'Provincializing Europe': The Postcolonial Urban Uncanny in V. S. Naipaul's A Bend in the River

By Johnson, Erica L. | Journal of Narrative Theory, Summer 2010 | Go to article overview

'Provincializing Europe': The Postcolonial Urban Uncanny in V. S. Naipaul's A Bend in the River


Johnson, Erica L., Journal of Narrative Theory


V. S. Naipaul is somewhat infamous in postcolonial circles. As a world traveler and chronicler of global history, from the American South and Islamic fundamentalism in Iran to Indian diasporic histories on four continents, he is regarded alternately as a leading critic of the colonial condition and as an intellectual collaborator with that same regime. He is praised for the crystalline clarity of his prose and criticized for his skeptical characterizations of nearly every society that he represents in his work; he is read as a Caribbean, Indian, and English writer.1 His biographer Bruce King concludes that Naipaul, who was born and raised in Trinidad, dispenses with geographical identity and "regard[s] himself as a former colonial who became a homeless cosmopolitan" (3). With regard to Naipaul's African works, though, King identifies Naipaul's stance as one deeply critical of colonialism and the representational schema of colonial historiography. King goes so far as to class these novels with those of WoIe Soyinka and Chinua Achebe in their shared project of understanding a question - "how, in the complex coming together of the 'post' and the 'colonial' [do] the present and the past inform one another[?]" - articulated by the editors of an essay collection devoted to the question of postcolonial historiography (Fuchs and Baker 329). Naipaul's configuration of time through space in A Bend in the River, his allegorical 1979 novel based not-so-loosely on the post-independence period in the Congo (then Zaire), presents a deeply insightful response to this question. Naipaul's rearrangement of temporality through space, evident in his characters' experience of a postcolonial form of the urban uncanny, leads to a metaphysics of postcoloniality whereby the terms "post" and "colonial" enter into a mutually haunting, as opposed to sequential, relationship, illustrating Dipesh Chakrabarty's argument that in ex-colonial locales, "historical time is not integral ... it is out of joint with itself" (16). The novel's uncanny chro notope, legible in its urban spaces, structures Naipaul's portrayal of postcolonial and postimperial nations as well as his unique view on the meaning and utility of the marker of "post" in these two interconnected contexts.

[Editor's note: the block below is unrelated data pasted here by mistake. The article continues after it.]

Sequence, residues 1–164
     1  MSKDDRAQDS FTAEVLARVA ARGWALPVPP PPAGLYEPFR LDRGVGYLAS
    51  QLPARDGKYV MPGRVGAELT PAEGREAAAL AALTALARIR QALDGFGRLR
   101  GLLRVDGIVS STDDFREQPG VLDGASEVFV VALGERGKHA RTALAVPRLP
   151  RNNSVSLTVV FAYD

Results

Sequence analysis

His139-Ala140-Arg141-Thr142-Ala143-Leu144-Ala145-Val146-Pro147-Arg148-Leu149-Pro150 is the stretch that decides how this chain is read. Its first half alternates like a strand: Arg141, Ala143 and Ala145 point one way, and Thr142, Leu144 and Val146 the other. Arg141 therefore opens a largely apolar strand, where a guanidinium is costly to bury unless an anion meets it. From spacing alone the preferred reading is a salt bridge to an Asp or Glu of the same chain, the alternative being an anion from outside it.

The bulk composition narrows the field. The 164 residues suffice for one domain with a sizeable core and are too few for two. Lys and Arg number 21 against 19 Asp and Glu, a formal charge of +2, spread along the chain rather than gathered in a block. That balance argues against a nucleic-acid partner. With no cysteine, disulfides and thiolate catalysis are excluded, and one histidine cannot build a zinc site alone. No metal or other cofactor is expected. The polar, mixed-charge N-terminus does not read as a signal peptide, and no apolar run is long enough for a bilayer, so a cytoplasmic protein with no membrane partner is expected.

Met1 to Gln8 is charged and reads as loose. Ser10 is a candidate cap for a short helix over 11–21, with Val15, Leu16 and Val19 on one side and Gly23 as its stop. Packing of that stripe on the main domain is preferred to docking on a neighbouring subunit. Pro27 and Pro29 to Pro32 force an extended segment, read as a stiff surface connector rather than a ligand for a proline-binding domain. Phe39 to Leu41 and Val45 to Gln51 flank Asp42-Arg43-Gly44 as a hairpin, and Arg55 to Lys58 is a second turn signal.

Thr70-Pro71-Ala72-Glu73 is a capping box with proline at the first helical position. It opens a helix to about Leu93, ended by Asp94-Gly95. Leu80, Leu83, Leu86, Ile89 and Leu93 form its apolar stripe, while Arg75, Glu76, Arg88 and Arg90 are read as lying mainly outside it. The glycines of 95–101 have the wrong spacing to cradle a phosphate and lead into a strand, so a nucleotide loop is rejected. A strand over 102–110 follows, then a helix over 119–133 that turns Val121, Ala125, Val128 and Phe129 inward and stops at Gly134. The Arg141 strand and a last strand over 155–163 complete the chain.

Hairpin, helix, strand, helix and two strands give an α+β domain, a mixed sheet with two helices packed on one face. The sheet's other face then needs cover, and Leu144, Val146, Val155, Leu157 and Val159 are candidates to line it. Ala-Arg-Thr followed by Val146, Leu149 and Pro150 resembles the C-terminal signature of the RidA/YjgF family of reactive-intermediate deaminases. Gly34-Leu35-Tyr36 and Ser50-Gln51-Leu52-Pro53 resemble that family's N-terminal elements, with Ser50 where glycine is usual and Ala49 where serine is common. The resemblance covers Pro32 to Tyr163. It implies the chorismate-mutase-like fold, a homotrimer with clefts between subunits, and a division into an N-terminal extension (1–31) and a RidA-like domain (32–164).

A Bend in the River opens with a particularly nihilistic view of colonial history. While his many critics go after what they see to be an implicit teleology in the novel, these readings take Naipaul's despairing vision of cyclical growth and decay, of consecutive failed civilizations, as a chronology in which, to quote one such analysis, "decolonization is an aberration in the orderly, progressive process of change" (Samantrai 54). Samantrai opens his analysis of A Bend in the River with the charge that the novel reflects "the neocolonial vision of V. S. Naipaul, perhaps the most widely read contemporary apologist for European colonialism" (50). Adebayo Williams, who calls Naipaul "a tortured and tormented soul stranded by choice, an outcast by vocation, a cultured déraciné and homme désengagé," responds to such criticism with the circumspect observation that "despite his foibles and eccentricities, there is an inner consistency, a troubling integrity about most of what Naipaul has to say, however outlandish and outrageous these may be, that they demand serious engagement" (16). Finally, Imre Szeman offers an apt overall assessment of Naipaul criticism in his observation that "Naipaul's writing is seen either as the literary equivalent of developmental and modernization theories or as its almost exact opposite: as an important corrective to the overly optimistic characterizations of the postcolonial world offered by other writers and critics" (98). As Szeman concludes, though, this dual-pronged approach, while it accurately reflects critical trends, does not sum up the complexity of Naipaul's work. What becomes evident in the larger conversation about Naipaul is that getting past his looming persona is not easy and that he has established himself as a contrarian to entire communities of scholars and writers; moreover, he reprises his views from text to text, as Kevin Foster amply illustrates in his analysis of the overlap between Naipaul's writing about Argentina and India - and, for that matter, about Africa. …

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